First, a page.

The Effects of Steel Shielding on Observed Muon Flux
Kurt Huebner (Grosse Pointe South High School), Phillip Popp (The Roeper School)
Mike Niedballa (Warren Collegiate High School)
Dr. Gil Paz (Wayne State University)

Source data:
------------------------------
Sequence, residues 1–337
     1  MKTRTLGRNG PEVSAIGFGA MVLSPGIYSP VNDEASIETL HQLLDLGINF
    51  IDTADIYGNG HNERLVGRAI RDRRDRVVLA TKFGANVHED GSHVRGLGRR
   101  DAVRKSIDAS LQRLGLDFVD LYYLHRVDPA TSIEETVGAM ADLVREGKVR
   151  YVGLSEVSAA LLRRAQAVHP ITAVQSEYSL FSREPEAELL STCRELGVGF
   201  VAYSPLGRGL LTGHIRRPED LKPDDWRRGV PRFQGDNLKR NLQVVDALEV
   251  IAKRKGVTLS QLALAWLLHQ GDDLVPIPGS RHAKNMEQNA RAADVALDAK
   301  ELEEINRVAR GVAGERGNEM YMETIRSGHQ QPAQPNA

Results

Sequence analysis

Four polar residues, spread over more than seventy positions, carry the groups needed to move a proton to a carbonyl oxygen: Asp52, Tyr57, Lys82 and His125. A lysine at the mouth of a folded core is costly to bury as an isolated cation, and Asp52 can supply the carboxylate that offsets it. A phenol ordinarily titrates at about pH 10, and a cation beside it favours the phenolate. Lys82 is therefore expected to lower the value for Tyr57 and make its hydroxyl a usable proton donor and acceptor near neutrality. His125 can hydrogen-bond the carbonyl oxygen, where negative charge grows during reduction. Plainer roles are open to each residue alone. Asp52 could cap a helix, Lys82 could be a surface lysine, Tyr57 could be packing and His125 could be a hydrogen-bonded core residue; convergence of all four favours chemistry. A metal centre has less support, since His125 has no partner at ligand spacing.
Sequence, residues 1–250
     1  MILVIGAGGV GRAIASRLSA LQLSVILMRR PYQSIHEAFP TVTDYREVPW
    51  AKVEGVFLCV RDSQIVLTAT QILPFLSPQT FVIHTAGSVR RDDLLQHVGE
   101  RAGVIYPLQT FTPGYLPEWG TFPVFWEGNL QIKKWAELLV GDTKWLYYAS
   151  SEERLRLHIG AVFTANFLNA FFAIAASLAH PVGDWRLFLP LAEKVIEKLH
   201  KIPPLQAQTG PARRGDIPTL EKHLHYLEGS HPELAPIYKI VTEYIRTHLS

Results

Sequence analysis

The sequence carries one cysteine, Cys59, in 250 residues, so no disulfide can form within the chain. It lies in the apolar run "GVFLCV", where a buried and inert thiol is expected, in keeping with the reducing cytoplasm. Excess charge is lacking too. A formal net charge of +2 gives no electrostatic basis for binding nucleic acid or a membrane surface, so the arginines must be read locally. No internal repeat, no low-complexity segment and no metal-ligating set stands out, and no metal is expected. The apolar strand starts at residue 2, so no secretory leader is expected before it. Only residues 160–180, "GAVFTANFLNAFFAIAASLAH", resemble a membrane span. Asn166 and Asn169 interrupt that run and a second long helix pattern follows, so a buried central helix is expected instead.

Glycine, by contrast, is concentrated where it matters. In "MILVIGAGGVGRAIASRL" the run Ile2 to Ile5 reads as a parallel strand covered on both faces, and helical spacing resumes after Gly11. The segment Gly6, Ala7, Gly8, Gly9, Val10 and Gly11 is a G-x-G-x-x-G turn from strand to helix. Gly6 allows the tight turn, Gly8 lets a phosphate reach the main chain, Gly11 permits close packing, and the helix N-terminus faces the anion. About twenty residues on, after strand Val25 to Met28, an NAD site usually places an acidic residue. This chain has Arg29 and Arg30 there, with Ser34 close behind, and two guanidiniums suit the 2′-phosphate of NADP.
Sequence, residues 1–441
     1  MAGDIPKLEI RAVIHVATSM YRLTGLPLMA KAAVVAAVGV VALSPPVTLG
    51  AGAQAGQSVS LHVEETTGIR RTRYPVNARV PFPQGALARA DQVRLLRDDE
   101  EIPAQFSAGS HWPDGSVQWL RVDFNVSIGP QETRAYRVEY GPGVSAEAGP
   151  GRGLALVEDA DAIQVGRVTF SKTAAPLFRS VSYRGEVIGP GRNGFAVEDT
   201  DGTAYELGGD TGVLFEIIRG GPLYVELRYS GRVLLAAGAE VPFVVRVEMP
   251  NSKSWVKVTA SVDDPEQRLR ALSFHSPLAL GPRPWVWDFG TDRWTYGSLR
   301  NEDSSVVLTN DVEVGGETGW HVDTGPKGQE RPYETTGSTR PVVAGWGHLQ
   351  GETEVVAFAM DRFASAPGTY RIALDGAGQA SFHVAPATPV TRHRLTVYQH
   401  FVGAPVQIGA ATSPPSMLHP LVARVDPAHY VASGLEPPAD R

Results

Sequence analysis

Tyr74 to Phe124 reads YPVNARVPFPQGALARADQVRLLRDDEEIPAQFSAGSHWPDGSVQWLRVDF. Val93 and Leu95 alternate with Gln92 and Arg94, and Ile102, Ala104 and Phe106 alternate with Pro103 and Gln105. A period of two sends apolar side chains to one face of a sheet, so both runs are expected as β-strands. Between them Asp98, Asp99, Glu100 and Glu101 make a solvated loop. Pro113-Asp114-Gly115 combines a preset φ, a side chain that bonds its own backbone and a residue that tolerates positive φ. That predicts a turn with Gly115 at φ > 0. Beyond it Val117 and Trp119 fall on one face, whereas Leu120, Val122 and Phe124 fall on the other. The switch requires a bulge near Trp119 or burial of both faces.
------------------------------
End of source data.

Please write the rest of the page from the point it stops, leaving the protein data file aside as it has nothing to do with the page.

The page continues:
The purpose of our research was to determine if sheet metal of widths ranging from 1/16th of an inch to ¼ of an inch (in 1/16th of an inch increments) would have a shielding effect in the detection of muon flux. The experiment was performed by using two pair of scintillator paddles with steel plating in between. We found that a quarter inch of steel was effective in reducing the control flux of 479 events/minute/meters2 to 466 events/minute/meters2. Reducing the shielding yielded diminishing returns, to the point where 1/8th of an inch plating gave statistically insignificant results. These results suggest that steel is capable of being used as a shield from cosmic ray. This research could be continued by testing a larger variety of steel plating thicknesses, and even testing different metal’s effectiveness in cosmic ray shielding.